The case of a 47-day-old white male weighing 3695 g is reported. The child was prescribed furosemide, digoxin and captopril and referred to our service with a diagnosis of severe congenital heart disease. Since birth, he became tired during breastfeeding that evolved with tachydyspnea leading to hospitalization in the intensive care unit with a diagnosis of bronchopneumonia requiring mechanical ventilation. He was in a moderate general state, ruddy, hydrated and intubated. His thorax was symmetrical with ictus cordis palpable at the 4th left intercostal space. His heart rhythm was regular with two normal sounds and an ejective murmur +/6+ at the left sternal edge. Pulmonary auscultation identified bilateral coarse crackles. The abdomen was rounded; the liver was 4 cm from the right costal edge and there were fluid sounds. The pulses of the lower limbs were diminished; the arterial pressures of the arms were 130 x 50 mmHg and of the legs 40 x 20 mmHg. Oximetry of the pulse of the upper limbs was 90%.
An electrocardiogram showed a heart rate of 125 bpm, SÂP + 60º, PR interval of 0.16 s, QTc of 50 s, QRS of 0.08 s, with signs of left ventricular repolarization and right ventricular overload.
A radiogram demonstrated visceral situs solitus and a cardiothoracic ratio of 0.64 with prominence of the right chamber. The vascular network was increased and the diaphragm was free.
An echocardiogram identified aortic coarctation with important hemodynamic repercussions; a gradient of 80 mmHg was located after the emergence of the left subclavian artery with an internal diameter of 1.7 mm; the diameter of the aorta was 5.1 mm (Figure 1). There was slight aortic valvar stenosis with a peak pressure of 29 mmHg. The foramen ovale was patent. The infant had slight pulmonary artery hypertension with a systolic pressure of 43 mmHg. The arterial channel was closed and there was a small pulmonary-systemic shunt from the descending aorta to the pulmonary artery.
Fig. 1 - Preoperative echocardiogram. COAO: coarctation of the aorta; TBC: brachiocephalic trunk; SCE: Left subclavian artery
The clinical history and the physical examination were extremely suggestive of aortic coarctation which was confirmed by the echocardiographic findings that provided rich anatomical details. The clinical state and the start of organ failure stressed the urgency of the operation.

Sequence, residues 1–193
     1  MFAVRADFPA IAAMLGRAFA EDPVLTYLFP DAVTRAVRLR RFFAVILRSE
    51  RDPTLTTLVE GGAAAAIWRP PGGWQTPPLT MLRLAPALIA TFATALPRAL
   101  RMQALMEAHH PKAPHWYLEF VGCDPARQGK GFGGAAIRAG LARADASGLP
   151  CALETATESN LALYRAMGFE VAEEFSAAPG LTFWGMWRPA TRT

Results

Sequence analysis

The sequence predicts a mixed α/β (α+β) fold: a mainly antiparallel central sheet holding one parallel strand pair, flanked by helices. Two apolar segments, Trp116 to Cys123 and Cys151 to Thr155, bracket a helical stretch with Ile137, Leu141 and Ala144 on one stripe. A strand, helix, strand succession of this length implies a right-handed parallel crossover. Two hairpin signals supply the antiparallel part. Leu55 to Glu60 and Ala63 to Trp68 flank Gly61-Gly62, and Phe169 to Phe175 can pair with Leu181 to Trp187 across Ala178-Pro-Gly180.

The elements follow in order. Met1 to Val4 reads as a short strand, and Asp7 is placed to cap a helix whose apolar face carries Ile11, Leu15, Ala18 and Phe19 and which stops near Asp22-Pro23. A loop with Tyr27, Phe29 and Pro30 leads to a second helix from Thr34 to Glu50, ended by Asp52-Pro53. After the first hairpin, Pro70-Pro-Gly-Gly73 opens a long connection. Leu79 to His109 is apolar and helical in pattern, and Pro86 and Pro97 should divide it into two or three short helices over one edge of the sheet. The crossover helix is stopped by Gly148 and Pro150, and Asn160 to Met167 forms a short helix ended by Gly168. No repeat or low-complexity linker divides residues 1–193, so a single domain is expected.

Left lateral-posterior thoracotomy was performed with extensive dissection of the aortic arch, subclavian artery and the descending aorta providing ample mobilization. The arterial channel was ligated and sectioned (Figure 2). Crosswise sectioning of the aorta was performed above and below the coarcted section, the subclavian artery was sectioned, a lengthwise incision was made in the anterior aortic wall and posterior subclavian artery wall, End-to-end anastomosis was performed of the posterior aortic wall (Figure 3) and final construction with the left subclavian artery in "roof", enlarging the anterior region in the resected region and maintaining the blood flow to the left upper limb [1,2]. All the anastomoses were achieved using absorbable 6-0 polydioxanone threads with the aorta remaining without flow for 37 minutes due to the little experience with the technique, however no neurological lesions were reported. An echocardiogram after 45 days demonstrated the treated region with a residual gradient of 22 mmHg but without clinical implications and the infant is being followed up with periodic examinations as the technique provides a high potential of growth of the tissues and a low probability of restenosis.
Fig. 2 - Initial aspect after dissection of the structures and ligation of the arterial channel. The coarcted region is indicated by the arrow; A: aortic arch; B: descending aorta; C: left subclavian artery
Fig. 3 - Posterior wall of the aorta at the end-to-end anastomosis. Lengthwise incision on the anterior wall of the aorta and posterior incision of the subclavian artery A: aortic arch; B: descending aorta; C: left subclavian artery
Fig. 4 - Final aspect A: aortic arch; B: descending aorta; C: left subclavian artery; D: remains of the coarcted region near the ligated arterial channel
1. Mendonça JT, Carvalho MR, Costa RK, Franco Filho E. Coarctation of the aorta: a new surgical technique. J Thorac Cardiovasc Surg. 1985;90(3):445-7.
2. Meier MA, Lucchese FA, Jazbik W, Nesralla IA, Mendonça JT. A new technique for repair of aortic coarctation. Subclavian flap aortoplasty with preservation of arterial blood flow to the left arm. J Thorac Cardiovasc Surg. 1986;92(6):1005-12.